Everything is wet. Or muddy. Or both. Mostly, both. It's been pouring rain for days and the winds are whipping it everywhere. They closed the park because of falling trees. Mother Nature seems to be having a tantrum and even the ducks have gone inside to wait it out.
So, I opened the front door in a hurry tonight because the kitty bell was ringing. Far too wet to leave anyone outside in such weather, I grabbed the door open without really checking which cat. With towel in hand I hurried to get the poor thing inside quickly and shut the door. Okay. Here's the lesson. You know how your mother always said, don't open the door unless you look to see who is there first? Mom was right.
Lets just say I wasn't the only one startled.
I perhaps should back up and explain. I have hung a small brass bell outside each door of the cottage, front and back at kitty height for them to ring when they wish to be let in or out. It works like a charm. Anyone new to the family learns from the others what it means to ring those bells and proceeds to copy. And perhaps it works too well.
By way of explaining what happened last night, I'll tell you a story. One of a typical sort of thing that happens here at the cottage. (Seriously, the place is a like some sort of mecca).
This past summer I became the friend, of a little girl raccoon that all to soon proved to be expecting a visit from the stork. I named her, Josephine. Every night separated by the window screen we spent time together chatting while she munched her food. Still only a baby herself, by midsummer Josephine's belly was all to clearly full of her own babies, she was near popping. I could hear the storks wings.
Having grown to feel safe here she would come at dusk and spend the night outside in the grass under the big pecan tree, near my bedroom window. From there like Pooh's Piglet, she would often stand up to the screen, reaching out towards my silhouette to be sure of me. I would whisper to her that everything was fine and she would wander back to her patch of grass only to return and check on me in an hour.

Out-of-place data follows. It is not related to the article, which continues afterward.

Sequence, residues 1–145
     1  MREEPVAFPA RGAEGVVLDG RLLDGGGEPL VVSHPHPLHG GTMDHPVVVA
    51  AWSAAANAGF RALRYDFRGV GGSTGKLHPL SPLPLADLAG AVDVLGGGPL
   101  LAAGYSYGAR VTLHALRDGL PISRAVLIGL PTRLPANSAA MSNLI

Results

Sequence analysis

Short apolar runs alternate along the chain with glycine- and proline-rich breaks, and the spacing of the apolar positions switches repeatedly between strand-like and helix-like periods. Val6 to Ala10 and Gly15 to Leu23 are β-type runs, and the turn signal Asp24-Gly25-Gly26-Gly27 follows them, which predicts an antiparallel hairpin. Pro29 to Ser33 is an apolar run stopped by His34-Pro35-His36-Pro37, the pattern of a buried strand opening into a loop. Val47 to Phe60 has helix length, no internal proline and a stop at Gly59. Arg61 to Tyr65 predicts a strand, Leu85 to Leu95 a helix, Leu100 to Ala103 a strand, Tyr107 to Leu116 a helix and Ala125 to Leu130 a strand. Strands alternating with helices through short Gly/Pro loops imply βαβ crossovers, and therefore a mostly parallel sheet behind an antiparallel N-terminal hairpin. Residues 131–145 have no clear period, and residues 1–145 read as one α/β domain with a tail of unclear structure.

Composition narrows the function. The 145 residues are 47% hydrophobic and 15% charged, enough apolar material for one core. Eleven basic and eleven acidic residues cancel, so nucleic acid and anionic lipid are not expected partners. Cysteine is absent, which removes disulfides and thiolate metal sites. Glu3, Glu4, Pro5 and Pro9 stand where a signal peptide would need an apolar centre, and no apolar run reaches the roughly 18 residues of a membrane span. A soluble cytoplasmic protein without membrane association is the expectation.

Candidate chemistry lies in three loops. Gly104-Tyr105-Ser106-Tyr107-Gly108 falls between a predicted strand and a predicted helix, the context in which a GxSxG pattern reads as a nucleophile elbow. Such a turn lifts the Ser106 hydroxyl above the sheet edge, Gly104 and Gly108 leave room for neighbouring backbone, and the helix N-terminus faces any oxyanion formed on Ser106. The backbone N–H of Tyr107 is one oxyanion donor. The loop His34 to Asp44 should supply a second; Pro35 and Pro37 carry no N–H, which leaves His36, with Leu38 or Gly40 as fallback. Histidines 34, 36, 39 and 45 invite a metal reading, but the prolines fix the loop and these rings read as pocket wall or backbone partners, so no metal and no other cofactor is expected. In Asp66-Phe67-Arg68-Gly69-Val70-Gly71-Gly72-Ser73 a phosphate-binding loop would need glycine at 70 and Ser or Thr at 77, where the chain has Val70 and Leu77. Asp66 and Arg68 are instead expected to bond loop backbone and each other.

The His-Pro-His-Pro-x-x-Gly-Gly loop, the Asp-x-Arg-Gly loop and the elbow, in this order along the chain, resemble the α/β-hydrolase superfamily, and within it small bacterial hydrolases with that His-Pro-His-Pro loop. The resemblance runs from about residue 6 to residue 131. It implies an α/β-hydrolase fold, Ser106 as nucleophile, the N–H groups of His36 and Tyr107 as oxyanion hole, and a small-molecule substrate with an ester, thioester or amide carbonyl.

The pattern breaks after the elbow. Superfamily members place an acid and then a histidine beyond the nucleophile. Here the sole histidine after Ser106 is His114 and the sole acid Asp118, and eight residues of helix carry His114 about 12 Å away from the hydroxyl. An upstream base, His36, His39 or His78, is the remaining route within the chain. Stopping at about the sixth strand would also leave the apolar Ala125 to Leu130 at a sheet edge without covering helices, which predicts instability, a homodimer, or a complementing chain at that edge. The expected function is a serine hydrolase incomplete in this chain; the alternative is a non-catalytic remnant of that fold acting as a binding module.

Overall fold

One hideously hot July afternoon a restless Josephine was in her spot far earlier than usual. Late that night she granted me the honor of being present for one of the most incredible miracles I have ever witnessed. With me there, Josephine gave birth to five gorgeous offspring out under the trees in the garden. Only a few feet from where she labored, I sat on the porch steps talking to her and snapping dozens of pictures.
After disappearing afterward for a couple of weeks, Josephine appeared once again, under her tree with a waddling brood of five at her heels. I was a godmother.
You know where this is going don't you.
Yes, last night I opened the door and grabbed Josephine. Or maybe it was Elizabeth the smallest of the cubs of whom I am enamored--I mix her up with her mother. At any rate the bell sounded and neither of us was expecting the other in such a disorderly speed.
My point to the story is not that one must always listen to the wise teachings of their mother (although it is unquestionably a good idea to do so, case-in-point), but the moral here is this: If you have a large gray tabby cat that is trained to ring the doorbell, and it is a drizzling dark night out & you only half glance at the cat when you hear the bell ring ... Be sure that what you see on the porch is The Cat before you grab.
Not to worry. All misunderstandings have been settled and Josephine (or was it Elizabeth?) seems fine with the whole ordeal behind us. As well she quite enjoyed the extra treats received for not biting me.
I bet Noah knew to turn on the porch light.
-^..^- love, zUzU